[Show abstract][Hide abstract] ABSTRACT: Double balloon endoscopy (DBE) enables the observation and collection of viable specimens from the entire intestine, thereby allowing more detailed investigation of how the structure and function of the human small intestine are regulated. The present study aimed to elucidate the regulation of cell formation in the human small intestine using biopsy specimens collected from an entire individual small intestine by DBE.
The expression and the localization of representative genes for the differentiation program were analyzed in the entire small intestine of 10 patients. The functional correlation between Hath1 and Klf4 was analyzed in an intestinal cell line by using a Tet-On system.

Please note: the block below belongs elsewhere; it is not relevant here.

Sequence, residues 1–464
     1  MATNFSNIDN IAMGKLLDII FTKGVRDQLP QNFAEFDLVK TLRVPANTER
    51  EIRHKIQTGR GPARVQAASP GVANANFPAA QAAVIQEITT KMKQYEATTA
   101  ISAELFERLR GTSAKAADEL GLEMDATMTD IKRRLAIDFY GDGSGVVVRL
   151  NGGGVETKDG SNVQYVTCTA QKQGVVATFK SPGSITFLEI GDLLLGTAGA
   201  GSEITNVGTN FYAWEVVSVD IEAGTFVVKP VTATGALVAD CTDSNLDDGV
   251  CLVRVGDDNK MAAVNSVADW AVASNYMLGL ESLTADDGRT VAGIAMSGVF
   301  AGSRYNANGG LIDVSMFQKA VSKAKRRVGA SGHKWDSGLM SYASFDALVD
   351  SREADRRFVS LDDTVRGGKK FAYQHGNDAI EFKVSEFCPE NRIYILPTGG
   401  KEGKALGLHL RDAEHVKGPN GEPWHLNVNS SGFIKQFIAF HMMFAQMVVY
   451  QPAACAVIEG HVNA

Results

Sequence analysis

In longitudinal cell formation in the small intestine, it was shown that goblet cells, but not Paneth cells, increased toward the ileum in each individual small intestine. Immunohistochemistry showed that Hath1-expressing cells migrated from the base of the crypt to the top of the villi in the terminal ileum, while Klf4-expressing cells migrated from the top of the villus, resulting in the colocalization of Hath1 and Klf4 in the terminal ileum. Coexpression of Hath1 and Klf4 upregulated the expression of phenotypic genes for goblet cells following the downregulation of those for Paneth cells.
Using mapping biopsy by DBE, we have demonstrated, for the first time, the molecular basis of the villus structure in the entire human small intestine in vivo. The present study showed that longitudinal cell formation was regulated by the colocalization of Hath1 and Klf4 that converted Paneth cell differentiation into goblet cell differentiation.
Journal of Gastroenterology 02/2011; 46(2):191-202. · 4.02 Impact Factor